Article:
It means that America isn’t a place. It’s an idea. America is about freedom, liberty, and personal responsibility. The American ideal says “we don’t need the government to take care of us, we can do it ourselves”. Today, I fear some of that is lost, which is were I get to the most important part of this blog: You.

What are you willing to do to preserve the American ideal? If we don’t keep it alive and defend it, those men did that work for nothing. 

If we don’t defend it, then the soldiers who fought in Pennsylvania 150 years ago this week, did it for nothing. 

And if we don’t defend it, then the thousands of young men who grew up in the depression, and traveled half a world a way to storm beaches in France and on Iwo Jima, they too, did it for nothing.

So here’s what I’m asking: As you flip burgers, or crack open another beer, or take another lap around the lake, ask yourself:

What am I willing to lay before the alter of Freedom to ensure this idea lives on?

If we are willing to sacrifice, in some way, then this Great Nation of the people, by the people, and for the people, shall not parish from the earth.

Happy fourth of July everyone.

Monday, March 25, 2013

Why Food Democracy isn’t really about Democracy.

Right now, a group called Food Democracy is urging folks all over the country to try and stop the continuing resolution passed by congress last week from being signed. They claim there is a piece in the CR called the “Monsanto Protecting Act” (which, I might add, is a made-up BS term). What they are really pissed about is the fact that this small piece of the CR protects farmers from activists and activist judges. Let me explain...

This small piece allows the USDA to allow for the cultivation and harvest of a crop, even if a judge or court has ordered it to undergo further review, and be removed from the market place. And we aren’t talking about some wild ideas here-we are talking about a group who wants to remove all traces of GMO crops from the planet, by any means necessary (kiss your seedless watermelons goodbye).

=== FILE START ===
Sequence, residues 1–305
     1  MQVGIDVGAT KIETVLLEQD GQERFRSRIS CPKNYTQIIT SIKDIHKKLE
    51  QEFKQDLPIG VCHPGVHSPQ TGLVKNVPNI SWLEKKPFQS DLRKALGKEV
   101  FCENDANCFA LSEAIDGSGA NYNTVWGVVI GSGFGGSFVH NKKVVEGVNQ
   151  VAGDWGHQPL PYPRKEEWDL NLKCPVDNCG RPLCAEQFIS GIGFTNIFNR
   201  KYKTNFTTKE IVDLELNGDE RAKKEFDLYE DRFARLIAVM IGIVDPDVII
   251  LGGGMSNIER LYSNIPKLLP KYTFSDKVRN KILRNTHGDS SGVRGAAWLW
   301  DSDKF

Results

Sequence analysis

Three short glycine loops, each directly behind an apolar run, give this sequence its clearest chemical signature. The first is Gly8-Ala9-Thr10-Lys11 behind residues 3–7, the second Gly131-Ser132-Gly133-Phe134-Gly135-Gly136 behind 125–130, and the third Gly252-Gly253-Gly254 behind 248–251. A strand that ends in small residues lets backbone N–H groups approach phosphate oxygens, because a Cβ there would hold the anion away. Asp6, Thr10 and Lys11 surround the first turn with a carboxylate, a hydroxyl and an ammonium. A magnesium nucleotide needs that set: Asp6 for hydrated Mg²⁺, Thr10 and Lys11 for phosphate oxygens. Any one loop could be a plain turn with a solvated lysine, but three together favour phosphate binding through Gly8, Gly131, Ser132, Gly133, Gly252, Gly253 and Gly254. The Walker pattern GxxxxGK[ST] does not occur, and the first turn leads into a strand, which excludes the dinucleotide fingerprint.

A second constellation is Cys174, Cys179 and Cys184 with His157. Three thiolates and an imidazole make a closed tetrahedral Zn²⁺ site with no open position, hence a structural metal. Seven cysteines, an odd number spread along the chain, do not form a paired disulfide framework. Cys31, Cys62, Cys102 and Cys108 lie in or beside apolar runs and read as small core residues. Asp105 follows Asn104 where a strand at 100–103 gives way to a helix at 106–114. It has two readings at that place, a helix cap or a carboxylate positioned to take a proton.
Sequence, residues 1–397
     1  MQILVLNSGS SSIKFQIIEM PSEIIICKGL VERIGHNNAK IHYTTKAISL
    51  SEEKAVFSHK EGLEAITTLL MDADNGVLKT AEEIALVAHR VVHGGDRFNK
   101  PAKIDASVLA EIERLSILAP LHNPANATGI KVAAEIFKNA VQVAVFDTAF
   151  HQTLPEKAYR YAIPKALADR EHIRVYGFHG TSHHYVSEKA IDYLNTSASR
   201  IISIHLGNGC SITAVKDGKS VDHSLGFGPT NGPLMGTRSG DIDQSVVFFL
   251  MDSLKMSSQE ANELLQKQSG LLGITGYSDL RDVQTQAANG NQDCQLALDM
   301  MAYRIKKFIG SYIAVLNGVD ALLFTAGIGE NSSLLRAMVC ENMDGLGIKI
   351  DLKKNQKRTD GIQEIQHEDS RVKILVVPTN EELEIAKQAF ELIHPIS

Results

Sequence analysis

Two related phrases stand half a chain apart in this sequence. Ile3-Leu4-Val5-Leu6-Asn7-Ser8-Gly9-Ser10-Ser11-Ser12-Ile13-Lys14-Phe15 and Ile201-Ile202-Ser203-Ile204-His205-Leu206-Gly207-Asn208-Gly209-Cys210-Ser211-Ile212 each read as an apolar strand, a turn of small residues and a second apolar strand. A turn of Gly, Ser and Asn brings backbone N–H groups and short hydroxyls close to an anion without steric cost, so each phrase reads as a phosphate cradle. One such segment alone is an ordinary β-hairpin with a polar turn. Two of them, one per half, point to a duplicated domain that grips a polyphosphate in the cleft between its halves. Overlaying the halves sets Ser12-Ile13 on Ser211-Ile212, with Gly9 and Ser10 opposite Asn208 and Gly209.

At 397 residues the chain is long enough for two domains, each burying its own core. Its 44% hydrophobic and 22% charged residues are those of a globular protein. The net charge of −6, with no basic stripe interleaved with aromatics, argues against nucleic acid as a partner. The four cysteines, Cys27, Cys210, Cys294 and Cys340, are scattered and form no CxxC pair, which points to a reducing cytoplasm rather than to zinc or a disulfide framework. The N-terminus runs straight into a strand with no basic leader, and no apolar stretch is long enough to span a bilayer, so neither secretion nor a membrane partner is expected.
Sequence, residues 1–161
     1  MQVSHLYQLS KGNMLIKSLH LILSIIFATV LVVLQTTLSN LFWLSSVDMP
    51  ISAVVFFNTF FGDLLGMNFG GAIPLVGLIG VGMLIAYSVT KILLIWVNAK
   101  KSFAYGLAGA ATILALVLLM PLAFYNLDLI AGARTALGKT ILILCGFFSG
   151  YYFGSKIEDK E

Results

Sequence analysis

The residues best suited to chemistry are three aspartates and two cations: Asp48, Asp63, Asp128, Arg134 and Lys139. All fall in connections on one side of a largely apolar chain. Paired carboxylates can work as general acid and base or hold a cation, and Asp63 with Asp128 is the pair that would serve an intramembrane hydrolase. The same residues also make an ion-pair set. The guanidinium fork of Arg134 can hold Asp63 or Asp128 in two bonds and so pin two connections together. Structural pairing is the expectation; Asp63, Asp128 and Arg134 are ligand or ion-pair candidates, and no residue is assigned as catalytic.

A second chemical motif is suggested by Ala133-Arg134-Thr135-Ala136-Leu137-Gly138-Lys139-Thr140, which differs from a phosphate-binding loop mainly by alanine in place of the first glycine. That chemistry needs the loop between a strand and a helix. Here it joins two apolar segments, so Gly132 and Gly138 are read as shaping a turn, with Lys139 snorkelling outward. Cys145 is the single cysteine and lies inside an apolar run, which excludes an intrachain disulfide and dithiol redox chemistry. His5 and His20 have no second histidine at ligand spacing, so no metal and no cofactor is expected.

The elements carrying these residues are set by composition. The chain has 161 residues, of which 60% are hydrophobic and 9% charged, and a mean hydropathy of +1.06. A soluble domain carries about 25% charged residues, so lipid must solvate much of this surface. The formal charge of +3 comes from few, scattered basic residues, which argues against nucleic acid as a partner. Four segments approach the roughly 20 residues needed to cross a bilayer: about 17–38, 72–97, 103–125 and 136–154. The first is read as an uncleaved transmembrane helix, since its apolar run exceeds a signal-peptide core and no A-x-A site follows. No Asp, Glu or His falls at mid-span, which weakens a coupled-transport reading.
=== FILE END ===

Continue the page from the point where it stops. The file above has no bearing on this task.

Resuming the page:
For me as a farmer, this small piece provides me with much needed security. Without the USDA stopgap, a judge somewhere could rule that my corn crop growing in the field would have to be destroyed, with no recourse or remuneration for me as a farmer. A single judge in California could rule that my Roundup Ready corn, which has nearly 25 years of testing, regulatory approval, and real world experience could be banned, and I would be forced to destroy my entire crop, costing me millions of dollars. It would bankrupt my family overnight.

But here’s a real world example for everyone:

Let’s say you buy a lot and build a new house. 2 months after moving in, a neighbor says that your house is too close to his, and he doesn’t like it. There’s no scientific or logical basis for his gripe, but he takes you to court anyways. In court, the judge rules that he’s not sure about the neighbors complaint, but just to be safe, you need to move out of your new house and bulldoze it. If he decides the neighbor is wacky, you can rebuild your house, but in the meantime, you must tear it down and find somewhere else to go.

This is the world of uncertainty we live in. I would LOVE to have the time to talk to everyone in America about technology, Monsanto, GMO crops, and why I farm the way I  do, but I can’t. So please, try to trust us, just a little, and try to trust the USDA. Anyone who thinks the USDA is in bed with bio tech companies, well, I’ve got some ocean front property in Indiana for you.